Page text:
Wet food is often more expensive than dry kibble. Bulk dry dog food purchasing is also more readily available than bulk wet food. So you can purchase larger amounts at a lower cost – which is great if you own more than one dog!
4. Automatic feeders
Dry food is generally better for automatic feeders. If you’re going out one night and won’t be back to feed your dog for dinner or you prefer to sleep in and let your pup be fed via an automatic feeder – the ideal food is dry kibble. This is due to the design of most automatic feeders. Another important consideration is that wet food may require refrigeration, which typically isn’t possible in a food dispenser.
5. Messy eaters
Some dogs make a mess when they eat and this can be tough to control. Dry kibble gets the vote over wet food for dogs who are messy eaters. Dry kibble is less likely to spill, and is much easier to clean up.
6. Health & Dental issues
If your pup is unwell, has trouble chewing or a sensitive stomach wet food can be the better, softer, safer choice. But too much soft food can lead to dental issues. As puppies’ teeth develop, they benefit from harder foods like kibble. Adult dogs’ teeth also benefit from dry kibble as some dry foods are designed to clean your dog’s teeth as they eat it.
7. Weight issues and protein
Wet food generally contains a higher fat content but this is not always a bad thing. As canned food is often richer, it can be more filling for dogs. This can be helpful if you’re trying to encourage your dog to lose weight. You can then feed your dog a smaller amount of wet food containing fewer calories, but it will be more filling.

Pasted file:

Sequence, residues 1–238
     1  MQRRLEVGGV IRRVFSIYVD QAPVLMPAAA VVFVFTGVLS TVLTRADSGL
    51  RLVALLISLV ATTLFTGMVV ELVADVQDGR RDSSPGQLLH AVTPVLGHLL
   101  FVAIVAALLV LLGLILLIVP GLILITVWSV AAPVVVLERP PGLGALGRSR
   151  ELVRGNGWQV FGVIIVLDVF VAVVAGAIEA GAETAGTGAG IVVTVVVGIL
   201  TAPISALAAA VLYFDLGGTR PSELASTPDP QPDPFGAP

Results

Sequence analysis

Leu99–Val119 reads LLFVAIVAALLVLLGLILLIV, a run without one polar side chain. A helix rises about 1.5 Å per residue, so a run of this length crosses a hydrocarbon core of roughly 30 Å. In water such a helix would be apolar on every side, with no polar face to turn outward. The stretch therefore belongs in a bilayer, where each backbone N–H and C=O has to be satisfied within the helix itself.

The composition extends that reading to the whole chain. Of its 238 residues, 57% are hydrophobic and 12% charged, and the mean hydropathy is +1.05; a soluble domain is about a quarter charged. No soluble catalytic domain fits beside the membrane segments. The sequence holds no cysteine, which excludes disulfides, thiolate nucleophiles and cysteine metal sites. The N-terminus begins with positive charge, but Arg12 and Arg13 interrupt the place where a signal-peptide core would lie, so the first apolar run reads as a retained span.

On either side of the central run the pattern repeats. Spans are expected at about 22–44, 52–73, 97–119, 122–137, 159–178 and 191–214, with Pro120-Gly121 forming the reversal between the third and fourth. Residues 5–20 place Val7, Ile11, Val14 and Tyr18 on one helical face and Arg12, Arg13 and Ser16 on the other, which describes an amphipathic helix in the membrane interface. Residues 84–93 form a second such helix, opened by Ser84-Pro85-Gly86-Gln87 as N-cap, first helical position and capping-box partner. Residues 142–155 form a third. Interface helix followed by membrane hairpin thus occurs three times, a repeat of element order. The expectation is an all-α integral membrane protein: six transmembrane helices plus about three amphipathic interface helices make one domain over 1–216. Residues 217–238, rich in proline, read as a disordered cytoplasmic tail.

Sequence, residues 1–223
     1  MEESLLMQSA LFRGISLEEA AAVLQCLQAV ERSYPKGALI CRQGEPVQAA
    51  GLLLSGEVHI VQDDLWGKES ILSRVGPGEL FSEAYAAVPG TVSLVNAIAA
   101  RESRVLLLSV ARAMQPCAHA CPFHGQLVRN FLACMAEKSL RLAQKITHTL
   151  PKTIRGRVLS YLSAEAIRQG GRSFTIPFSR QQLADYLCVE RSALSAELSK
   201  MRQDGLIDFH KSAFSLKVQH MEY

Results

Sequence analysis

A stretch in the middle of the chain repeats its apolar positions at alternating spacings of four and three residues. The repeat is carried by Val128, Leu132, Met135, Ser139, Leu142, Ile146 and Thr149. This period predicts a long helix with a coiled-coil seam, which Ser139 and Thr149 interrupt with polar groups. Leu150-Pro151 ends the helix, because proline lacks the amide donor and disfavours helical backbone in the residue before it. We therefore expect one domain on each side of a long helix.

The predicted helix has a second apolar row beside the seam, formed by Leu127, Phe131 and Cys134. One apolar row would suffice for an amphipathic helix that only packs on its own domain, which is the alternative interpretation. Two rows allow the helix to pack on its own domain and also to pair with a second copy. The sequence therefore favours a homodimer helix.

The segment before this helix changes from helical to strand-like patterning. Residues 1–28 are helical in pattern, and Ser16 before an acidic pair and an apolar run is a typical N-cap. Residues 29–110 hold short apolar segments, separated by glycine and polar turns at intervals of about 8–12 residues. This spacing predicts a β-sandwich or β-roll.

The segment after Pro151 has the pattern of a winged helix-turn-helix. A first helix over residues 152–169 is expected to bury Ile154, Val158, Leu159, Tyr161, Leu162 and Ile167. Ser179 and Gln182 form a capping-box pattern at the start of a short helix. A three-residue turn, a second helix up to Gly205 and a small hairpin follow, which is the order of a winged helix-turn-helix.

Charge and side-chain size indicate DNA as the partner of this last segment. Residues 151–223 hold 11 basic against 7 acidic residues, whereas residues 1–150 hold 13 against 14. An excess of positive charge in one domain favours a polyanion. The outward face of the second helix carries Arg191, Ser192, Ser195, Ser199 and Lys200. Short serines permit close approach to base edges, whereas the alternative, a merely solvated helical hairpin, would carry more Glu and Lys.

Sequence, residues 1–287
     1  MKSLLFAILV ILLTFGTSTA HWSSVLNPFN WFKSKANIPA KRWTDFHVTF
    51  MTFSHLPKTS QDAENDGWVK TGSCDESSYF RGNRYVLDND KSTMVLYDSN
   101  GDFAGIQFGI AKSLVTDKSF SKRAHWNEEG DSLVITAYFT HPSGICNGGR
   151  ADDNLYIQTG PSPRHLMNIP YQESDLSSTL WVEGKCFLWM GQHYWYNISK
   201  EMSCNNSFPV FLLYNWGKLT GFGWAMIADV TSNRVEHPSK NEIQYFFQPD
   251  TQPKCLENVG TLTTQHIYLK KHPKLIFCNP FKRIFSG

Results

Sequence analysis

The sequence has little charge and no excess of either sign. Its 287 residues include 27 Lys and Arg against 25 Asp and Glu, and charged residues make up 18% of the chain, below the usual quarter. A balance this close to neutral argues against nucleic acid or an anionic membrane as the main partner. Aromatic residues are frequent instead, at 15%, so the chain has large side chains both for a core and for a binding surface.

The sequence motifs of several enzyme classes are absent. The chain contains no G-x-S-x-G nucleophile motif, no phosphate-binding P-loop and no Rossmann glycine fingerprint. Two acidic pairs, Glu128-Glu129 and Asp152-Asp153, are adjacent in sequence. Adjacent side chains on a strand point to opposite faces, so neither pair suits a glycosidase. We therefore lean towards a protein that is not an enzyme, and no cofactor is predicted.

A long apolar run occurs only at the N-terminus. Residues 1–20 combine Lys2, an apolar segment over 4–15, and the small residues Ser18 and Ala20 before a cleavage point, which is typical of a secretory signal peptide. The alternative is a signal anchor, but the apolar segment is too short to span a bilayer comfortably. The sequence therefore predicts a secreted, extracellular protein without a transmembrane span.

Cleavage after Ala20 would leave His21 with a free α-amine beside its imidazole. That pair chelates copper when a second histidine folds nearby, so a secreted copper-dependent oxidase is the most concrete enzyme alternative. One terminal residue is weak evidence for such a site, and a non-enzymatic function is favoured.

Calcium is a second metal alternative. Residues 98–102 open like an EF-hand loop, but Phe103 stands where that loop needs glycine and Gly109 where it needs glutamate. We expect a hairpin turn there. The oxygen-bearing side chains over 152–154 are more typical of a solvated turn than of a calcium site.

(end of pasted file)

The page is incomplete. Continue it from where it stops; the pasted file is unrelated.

Wet food is good for dogs that are underweight or have lost weight after infection, surgery or illness.
Dry foods are often best for sustaining a healthy weight, but sometimes have lower protein levels which are required for your puppy’s development. You will need to consider what stage of life your dog is at and adapt their diet as they grow and mature.
8. Urinary issues
Dogs who need to urinate regularly may find eating dry kibble (which contains less moisture) helpful in reducing their need to urinate.
But dogs that suffer from urinary tract issues will likely benefit from wet foods, as the higher levels of moisture can help their urinary problems.
To summarize – what food is best for my dog?
When it comes down to it, many experts say there are no major differences between the canned wet food and dry kibble. In the end, it all depends on your dog’s needs and preferences, as well as your lifestyle.
As your dog grows and their needs change so might their diet – be sure to check out our free printable which lists the specific benefits of wet vs dry food for your dog.
Many dog owners give their furry friends a mix of both wet and dry food to add variety and ensure they meet all their dog’s needs.
It’s important to note that it’s not necessary to feed both types of food to ensure your dog has a balanced well-rounded diet, but quality of food is important.